“A take home test,” I remember grinning ever so slightly as I repeated my teacher’s words. I could see my less than focused friends sit up straight and smile as if our teacher said ice cream would be served in place of Latin class. And there was always the pouting faces of the few girls sitting in the front row, upset that the rest of us would actually have the chance to compete with their high scores.
It occurred to me that most of our adult life is a take home test. With information available in an instant to most of us there is no excuse for not knowing the answers to most questions, especially if those questions are important to you.
“How long do I roast vegetables?”
“How does the Electoral College work?”
“Is Ted Cruz the Zodiac Killer?”
“When is Christmas this year?”
“Is Mister T dead?”
Those and billions of questions can be answered with a few clicks and few minutes of your time.
Two weeks ago I had the pleasure of attending Wanderlust Festival at Stratton Mountain as a representative for Lundberg Family Farms. During the four-day event we handed out samples of rice products made by some extraordinary people out on the left coast.
During my time there I bumped into Jessica Murnane on her way through Stratton Village. She stopped at our tent and we were able to talk for a few minutes. Jessica was at Wanderlust as a presenter. She had just published a book and was sharing some of her knowledge to some of the folks in Vermont looking to find their “true north” (festival phrase, not mine).
Jessica’s book, One Part Plant is a great place to start for those of you interested in making positive changes to your health and well being, but are not ready to go head over your plant based heels like I did.
Since being let out of the house after my bypass and subsequent stint in cardiac rehab I come across folks I share my story with. It doesn’t happen every day, in fact I can go weeks without mentioning what happened to me. For the most part my health reports stay in the family. Shared by those closest to me and those that we with me during the darker days, and now of course, to all of you reading my blog.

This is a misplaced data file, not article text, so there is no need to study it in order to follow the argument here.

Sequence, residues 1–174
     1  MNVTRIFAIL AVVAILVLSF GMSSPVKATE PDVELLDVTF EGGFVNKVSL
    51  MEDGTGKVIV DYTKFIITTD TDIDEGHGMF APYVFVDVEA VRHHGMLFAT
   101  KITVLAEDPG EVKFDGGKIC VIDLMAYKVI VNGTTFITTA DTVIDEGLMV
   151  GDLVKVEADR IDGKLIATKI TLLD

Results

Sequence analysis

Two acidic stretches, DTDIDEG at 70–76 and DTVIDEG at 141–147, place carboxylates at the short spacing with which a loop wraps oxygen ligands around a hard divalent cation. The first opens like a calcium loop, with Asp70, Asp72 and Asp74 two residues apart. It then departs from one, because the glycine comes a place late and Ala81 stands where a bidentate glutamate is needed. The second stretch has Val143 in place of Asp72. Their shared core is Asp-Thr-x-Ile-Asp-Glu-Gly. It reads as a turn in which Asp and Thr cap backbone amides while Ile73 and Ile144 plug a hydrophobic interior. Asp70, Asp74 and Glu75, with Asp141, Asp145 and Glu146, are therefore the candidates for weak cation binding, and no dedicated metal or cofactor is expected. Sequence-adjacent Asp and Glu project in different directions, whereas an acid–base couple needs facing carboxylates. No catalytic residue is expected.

Every once and awhile I talk about it to a stranger. And on that day in Vermont Jessica was that stranger. Having done this a few times I can tell you it’s all in the eyes. There is a way someone looks at you that you feel at ease sharing your story and then listening to their response. These few people that I have been lucky to come across during my recovery have had a huge impact, it is as if they understand me even though we were strangers nine minutes prior.
I quickly learned that Jessica had her own health issues, which she details in her book, that led her to seek out new ways to nurture her body. What she was able to accomplish by changing her diet and lifestyle was extraordinary and she is a gifted role model for anyone looking to improve their well being and live a healthier lifestyle.
So after our brief encounter ended I got back to professing to the Wanderlust crowd about the benefits of the many Lundberg products. Just as I was saying to myself, “Remember to go buy that One Part Plant book,” Jessica glided by and handed me a copy. A simple act of kindness that I think about often and try to do a better job of incorporating into my life.
Speaking of incorporating things, don’t think I have forgotten about you and your take home test. As I continue my recovery I am constantly learning new things. Reading countless articles, blogs and journals, watching documentaries on health, yes, I will be coming for your milk and eggs soon enough, and discussing big ideas with smart people have me focused on improving my life more than ever.
But I need to do better. We all do. So back to our test. As for me, I need to push myself to improve my body. Every pound I lose is weight off my heart. I just passed the six month post surgery time and even though I hear about all the progress I am making it is not enough. I am still too heavy and my portion sizes are too large. That will be my test.
I am going to increase my exercise and cut my portions, and to keep me honest you will see new tabs on this site that will bring you to my diet and exercise experiences (I’ll still keep this spot as a longer form space). Perhaps we can share a recipe or three and help each other with some good home exercise routines in between updates from the Appalachian Trail.
As for you. Your test is to follow in Jessica’s footprints and add one plant based meal to your daily meal intake. It’s far easier than it sounds and if you need Jessica’s book for help I am sure you can find a link to buy it on her site http://www.jessicamurnane.com/ or let me know and you can borrow my copy. One plant based meal a day. It is a small step that will have a big impact on your body.
And for extra credit. Don’t think I forgot about extra credit. Another favorite phrase of mine from my schoolboy days. I always loved extra credit questions, they gave me hope in a hopeless world of Algebra equations.